A few years ago a mobile game released that took a lot of people by surprise. That game was Game Dev Story. Yes, even I was addicted to it for a while. The simplistic nature of making a gaming company and releasing games for fake but historically accurate consoles was a lot of fun. Now, on the PC, a new company called Greenheart Games has released their take on the genre with Game Dev Tycoon. Will it be a hit with the reviewers? Let’s find out.
Game Dev Tycoon is a business simulator that focuses on the intricacies of game development. Players will take on the role of an aspiring developer that has hopes of starting a development business and seeing it grow to make blockbuster games that sell millions of copies.
The game starts off rather simple. Players have only one employee (the owner) and begin making simplistic games on the PC in their basement. After a few moderately successful titles, they can begin building up their income, hire new employees and move their base of operations.
Everything is based on developing a game. Players can choose the type, genre, what engine to use (if players have created their own) and what platform (or platforms once researched how to make multiplatform games) it should be made for. After deciding on what kind of game to make, then begins the process of handling what aspects of the game need the most attention. So if I was making an RPG, story and quests would come first over graphics. Here, sliders can be moved to show how much emphasis the player wants to put into a certain topic.
During the development process, employees generate both technology and design bubbles that are put into the game. The higher the points, the more creative and innovative it will be. During the development process, bugs may pop up along with research points. Bugs must be removed after it has been finished to keep the fans and critics happy. Research points are used in finding new genres and new aspects that can be used to develop the company’s own game engine.
After the bugs have all been removed, the game is then sent for release. It will receive review scores and based on how the game type and genre were mixed together as well as how many points were put into the design and tech. Then it goes on the market and hopefully, sells well and generates income for the company so they can begin making their next title. That is the main gist of the, and for the first hour or so of the, that is all players will be doing. Once I was able to expand the business is when it really opens up to some new features. Some of these include taking on larger projects with bigger budgets that may require a publishing deal with a larger company like Ubersoft where the publisher takes a cut of the profit and enforces guidelines on what to develop.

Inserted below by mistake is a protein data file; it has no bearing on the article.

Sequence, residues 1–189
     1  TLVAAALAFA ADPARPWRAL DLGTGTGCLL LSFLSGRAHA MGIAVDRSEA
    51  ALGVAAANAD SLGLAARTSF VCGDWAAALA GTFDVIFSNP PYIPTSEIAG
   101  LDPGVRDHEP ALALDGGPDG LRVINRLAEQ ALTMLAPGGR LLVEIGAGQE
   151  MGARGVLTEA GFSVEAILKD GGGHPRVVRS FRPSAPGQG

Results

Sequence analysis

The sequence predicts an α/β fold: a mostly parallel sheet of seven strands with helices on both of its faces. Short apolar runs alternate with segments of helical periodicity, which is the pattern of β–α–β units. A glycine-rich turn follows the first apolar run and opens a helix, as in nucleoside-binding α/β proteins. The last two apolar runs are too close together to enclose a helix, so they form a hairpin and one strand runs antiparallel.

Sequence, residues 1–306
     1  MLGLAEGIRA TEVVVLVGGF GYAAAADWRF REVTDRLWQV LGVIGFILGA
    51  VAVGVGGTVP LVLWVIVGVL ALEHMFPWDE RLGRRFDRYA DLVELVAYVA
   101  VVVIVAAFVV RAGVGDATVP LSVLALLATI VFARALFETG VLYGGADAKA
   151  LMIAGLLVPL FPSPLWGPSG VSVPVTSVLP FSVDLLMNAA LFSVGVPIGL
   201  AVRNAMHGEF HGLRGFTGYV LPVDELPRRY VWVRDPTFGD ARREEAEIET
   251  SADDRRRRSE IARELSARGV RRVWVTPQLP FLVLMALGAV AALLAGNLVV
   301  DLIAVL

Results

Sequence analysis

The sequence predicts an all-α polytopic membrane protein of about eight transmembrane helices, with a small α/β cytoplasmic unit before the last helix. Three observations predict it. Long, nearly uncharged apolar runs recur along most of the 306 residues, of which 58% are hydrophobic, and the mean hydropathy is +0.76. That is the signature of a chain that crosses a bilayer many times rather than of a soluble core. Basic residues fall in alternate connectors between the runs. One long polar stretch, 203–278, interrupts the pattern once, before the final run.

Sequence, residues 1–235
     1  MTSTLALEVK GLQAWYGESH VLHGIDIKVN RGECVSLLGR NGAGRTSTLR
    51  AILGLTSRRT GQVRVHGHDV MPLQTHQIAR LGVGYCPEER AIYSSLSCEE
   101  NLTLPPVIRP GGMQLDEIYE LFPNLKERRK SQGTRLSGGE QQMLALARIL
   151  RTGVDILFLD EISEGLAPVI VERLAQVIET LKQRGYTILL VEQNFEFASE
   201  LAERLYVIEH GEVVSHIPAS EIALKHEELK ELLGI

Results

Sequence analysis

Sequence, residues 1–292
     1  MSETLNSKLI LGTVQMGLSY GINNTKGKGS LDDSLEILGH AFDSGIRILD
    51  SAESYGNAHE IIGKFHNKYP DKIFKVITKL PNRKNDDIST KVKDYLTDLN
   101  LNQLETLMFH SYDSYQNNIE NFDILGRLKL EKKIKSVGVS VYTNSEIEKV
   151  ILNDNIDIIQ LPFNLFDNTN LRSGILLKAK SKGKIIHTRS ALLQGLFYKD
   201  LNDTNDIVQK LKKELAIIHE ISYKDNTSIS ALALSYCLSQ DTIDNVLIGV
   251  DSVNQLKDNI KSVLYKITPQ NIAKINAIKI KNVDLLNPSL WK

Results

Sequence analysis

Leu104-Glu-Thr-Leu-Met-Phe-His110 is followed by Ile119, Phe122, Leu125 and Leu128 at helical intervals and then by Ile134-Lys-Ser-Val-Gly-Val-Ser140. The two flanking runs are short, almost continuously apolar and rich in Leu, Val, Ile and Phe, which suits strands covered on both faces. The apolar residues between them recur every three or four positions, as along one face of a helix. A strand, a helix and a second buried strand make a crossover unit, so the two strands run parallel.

Using research points to learn new features like enhanced 3D graphics or dialog trees can add a lot to the games players wish to develop. Of course, these will need to be implemented into an engine which costs money; of course, making better experiences will garner more profit. It’s all a fine balance between improving the game and not going way over budget. During development, certain events may take place like a magazine may want to do an interview with the company to talk about their upcoming title or having a booth at the biggest video game expo, G3. These events have the potential to add hype to a game or garner new fans of the company.
Even unique things like having the community ask the CEO if they would put their old engine up for free use or have a secret sabotage group hinder another company’s development can crop up that may help or hinder the company’s progress, and since everything happens in real time, but sped up to where a week will last around five seconds, utilizing the right things is of the utmost importance.
The game handles showing off new features and mechanics fairly well. Nothing is ever too confusing, but how slow the early parts move can become a tedious turn-off for players, especially if they have already played a campaign before. It takes a good hour to an hour and a half to even get started into the customization options. Certain research can show what genres and game types can be a good combination, but for the most part it can be hit or miss. Even the reviewers don’t go into very good detail as to why the game was not good. They just say “Meh.” or “Had its moments.”
It can get frustrating when I have made the best Football sim for the past ten years, yet “Nadden Football ’99” was a flop and I really don’t know what I did wrong. While there is some good fun seeing the evolution of the industry in a nice satirical form, after playing through the campaign, players will more than likely encounter everything that can be seen after about three playthroughs.
Game Dev Tycoon has some nice bells and whistles and the social commentary and satire on the video game industry is charming at times. The game “has its moments” and “I liked it.” but it still has a limited amount of content that will keep the players coming back for more, and even when they do come back, it will take a while to get into the meat and potatoes of the experience. Still, that first play through was one enjoyable ride down video game history lane.
Review copy of game provided by publisher.